March 28, 2017
Santa Rosa Symphony concerts usually feature high-powered soloists imported from afar, but for their recent “Bring on the Strings” concert set, they stuck close to home, thrusting their principal violin, viola, and cello into the limelight. Violinist Joseph Edelberg and violist Elizabeth Prior shared the stage for a dazzling performance of Mozart’s much-loved Sinfonia Concertante. Adelle-Akiko Kearns was the cello soloist for Gabriel Fauré’s rarely heard Élegie.
Edelberg and Prior could not be more different as players. He stands ramrod straight; she sways back and forth. He plays the notes as written; she injects a little rubato when given the opportunity. His tone is pure but restrained; hers is warm and flexible. Opposites, to be sure; but opposites attract. This was a duet of two distinctive voices that complemented each other instead of fighting.
The opening Allegro movement of the Sinfonia Concertante was delightfully brisk and well played, but there were occasional balance problems and some intonation lapses. The cadenza was invigorating and resulted in healthy applause — a welcome departure from tradition.
Balance problems disappeared in the gorgeously quiet slow movement. The orchestra stayed well back as Edelberg and Prior wove their intricately entwined lines to maximum effect. They tapped straight into Mozart’s tragic mode, eliciting profound emotion. In contrast, the closing Presto was light and buoyant, and the exchange of lines between the soloists was electrifying.
There’s usually a reason certain pieces are rarely heard, and such is the case with Fauré’s Élegie. The cello part is lovely, and it was lovingly played by Kearns, but the orchestration is often clunky, and the piece wanders. The balance problems were also more pronounced than in the Sinfonia Concertante, even though a stagehand installed a microphone in front of the cello stand. Kearns has great vibrato, and her tone is often luscious, but the orchestra, particularly in the softer passages, frequently overpowered her.
Kearns got a better chance to shine after intermission, when she played the frequent cello solos in Sibelius’s Symphony No. 4. After three lushly orchestrated, crowd-pleasing symphonies, Sibelius took a break with the fourth, opting for restraint instead of grandeur. The result is an austere masterwork suffused with contained energy that rarely breaks loose.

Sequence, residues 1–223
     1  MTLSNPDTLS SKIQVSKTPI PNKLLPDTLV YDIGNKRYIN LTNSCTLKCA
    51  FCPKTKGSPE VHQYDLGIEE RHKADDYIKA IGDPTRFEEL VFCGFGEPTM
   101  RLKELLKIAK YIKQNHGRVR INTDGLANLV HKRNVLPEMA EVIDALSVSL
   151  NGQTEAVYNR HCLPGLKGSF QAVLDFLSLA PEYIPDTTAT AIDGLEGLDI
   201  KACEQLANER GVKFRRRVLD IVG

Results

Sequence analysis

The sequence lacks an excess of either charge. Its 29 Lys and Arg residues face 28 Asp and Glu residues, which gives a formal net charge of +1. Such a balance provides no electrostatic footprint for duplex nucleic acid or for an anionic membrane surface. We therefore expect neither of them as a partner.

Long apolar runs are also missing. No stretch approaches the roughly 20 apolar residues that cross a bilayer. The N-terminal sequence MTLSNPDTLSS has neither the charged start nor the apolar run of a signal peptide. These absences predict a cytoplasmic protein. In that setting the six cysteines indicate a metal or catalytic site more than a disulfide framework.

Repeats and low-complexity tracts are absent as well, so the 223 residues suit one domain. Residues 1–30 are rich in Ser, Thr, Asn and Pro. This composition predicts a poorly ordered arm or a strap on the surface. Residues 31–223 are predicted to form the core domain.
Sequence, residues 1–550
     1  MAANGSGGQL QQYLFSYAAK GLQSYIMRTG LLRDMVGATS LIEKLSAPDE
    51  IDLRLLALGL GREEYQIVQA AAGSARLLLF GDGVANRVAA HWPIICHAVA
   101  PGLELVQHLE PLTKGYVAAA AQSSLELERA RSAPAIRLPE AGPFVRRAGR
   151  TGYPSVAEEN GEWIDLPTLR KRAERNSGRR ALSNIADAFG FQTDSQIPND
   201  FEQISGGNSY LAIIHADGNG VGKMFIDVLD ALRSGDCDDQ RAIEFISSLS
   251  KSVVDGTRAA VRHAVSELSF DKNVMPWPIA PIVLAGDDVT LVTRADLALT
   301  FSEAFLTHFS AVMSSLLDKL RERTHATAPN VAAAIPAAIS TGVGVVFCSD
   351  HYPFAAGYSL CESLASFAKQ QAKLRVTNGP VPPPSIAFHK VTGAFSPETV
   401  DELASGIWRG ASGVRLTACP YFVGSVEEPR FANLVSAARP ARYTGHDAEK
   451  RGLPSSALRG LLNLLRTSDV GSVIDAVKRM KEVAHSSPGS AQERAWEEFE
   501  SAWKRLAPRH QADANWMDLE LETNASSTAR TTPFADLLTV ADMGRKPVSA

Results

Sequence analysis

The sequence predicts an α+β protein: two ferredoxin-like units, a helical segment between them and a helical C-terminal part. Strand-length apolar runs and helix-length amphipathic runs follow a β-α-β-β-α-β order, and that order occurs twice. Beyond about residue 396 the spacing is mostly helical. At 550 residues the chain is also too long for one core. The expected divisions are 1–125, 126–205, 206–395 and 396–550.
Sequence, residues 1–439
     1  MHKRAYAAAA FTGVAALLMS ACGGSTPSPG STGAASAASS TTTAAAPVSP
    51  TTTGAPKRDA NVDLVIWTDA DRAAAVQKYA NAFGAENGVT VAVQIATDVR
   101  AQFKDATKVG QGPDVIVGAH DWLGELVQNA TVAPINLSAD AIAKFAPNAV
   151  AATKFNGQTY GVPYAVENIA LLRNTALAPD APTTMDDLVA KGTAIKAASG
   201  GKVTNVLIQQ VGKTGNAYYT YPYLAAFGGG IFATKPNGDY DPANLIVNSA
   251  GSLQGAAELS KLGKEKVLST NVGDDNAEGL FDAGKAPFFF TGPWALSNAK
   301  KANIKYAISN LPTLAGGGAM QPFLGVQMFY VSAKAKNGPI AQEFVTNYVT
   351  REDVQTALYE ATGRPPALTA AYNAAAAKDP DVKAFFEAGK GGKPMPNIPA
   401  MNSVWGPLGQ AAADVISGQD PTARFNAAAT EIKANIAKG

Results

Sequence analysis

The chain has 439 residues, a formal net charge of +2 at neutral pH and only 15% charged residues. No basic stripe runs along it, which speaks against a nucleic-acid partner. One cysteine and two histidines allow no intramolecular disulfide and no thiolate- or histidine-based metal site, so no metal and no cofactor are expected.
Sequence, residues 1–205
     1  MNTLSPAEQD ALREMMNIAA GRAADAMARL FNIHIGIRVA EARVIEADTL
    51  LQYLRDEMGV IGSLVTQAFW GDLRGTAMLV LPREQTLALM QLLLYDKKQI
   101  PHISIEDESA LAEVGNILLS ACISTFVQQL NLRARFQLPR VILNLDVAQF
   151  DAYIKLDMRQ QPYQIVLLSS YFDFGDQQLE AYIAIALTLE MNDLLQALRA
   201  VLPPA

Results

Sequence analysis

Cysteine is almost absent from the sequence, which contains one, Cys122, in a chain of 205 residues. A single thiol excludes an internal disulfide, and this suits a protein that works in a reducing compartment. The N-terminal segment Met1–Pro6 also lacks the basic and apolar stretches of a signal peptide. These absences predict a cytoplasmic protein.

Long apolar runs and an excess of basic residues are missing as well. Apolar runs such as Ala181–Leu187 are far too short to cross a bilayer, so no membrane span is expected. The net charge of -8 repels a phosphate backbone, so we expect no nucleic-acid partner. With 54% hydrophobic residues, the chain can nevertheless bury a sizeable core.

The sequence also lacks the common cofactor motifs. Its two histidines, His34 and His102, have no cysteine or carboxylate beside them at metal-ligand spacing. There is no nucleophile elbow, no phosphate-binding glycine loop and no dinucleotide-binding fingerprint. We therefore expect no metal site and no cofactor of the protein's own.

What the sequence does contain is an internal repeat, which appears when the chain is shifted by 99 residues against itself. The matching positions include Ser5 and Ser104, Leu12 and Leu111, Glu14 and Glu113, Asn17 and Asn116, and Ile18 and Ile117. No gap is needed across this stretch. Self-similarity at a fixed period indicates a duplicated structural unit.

Conductor Bruno Ferrandis is well versed in Sibelius’s intricate musical architecture, and he pushed forward relentlessly, never letting the orchestra shy away from the symphony’s exacting demands. Orchestral crescendos came and went repeatedly without ever bursting forth into full-throated song. One got the sense of a volcano waiting to burst forth but constrained in its depth. The eruption finally occurred near the end of the Largo third movement, when the orchestra let loose with a remarkable unanimity of sound.
The performance of the final movement, with its resounding bells and sheer diversity of sounds, was a model of pinpoint dynamics and locomotive drive. Most remarkable were the last few dozen bars, when the orchestra seems headed to an ear-shattering conclusion but instead faded out elegantly, receding back into the depths.
Last, but not least, were the concert’s bookends: Alan Hovhaness’s Meditation for Orpheus, at the beginning, and Sibelius’s Finlandia, at the end. The Hovanhess offered an unusual array of orchestral colors, none more resplendent than when the basses plucked ad lib, creating a dense cluster of sound. The structure felt like a musical hot potato being passed back and forth between sections over a drone-like background. The piece is oddly static, but the sound is often memorable.
On the other end was Sibelius’s more-than-familiar Finlandia, a rousing finale seemingly inserted to counter the sotto voce ending of his fourth symphony. The playing was authoritative and the applause thunderous, causing a nearby patron to remark, “Now that’s an ending.”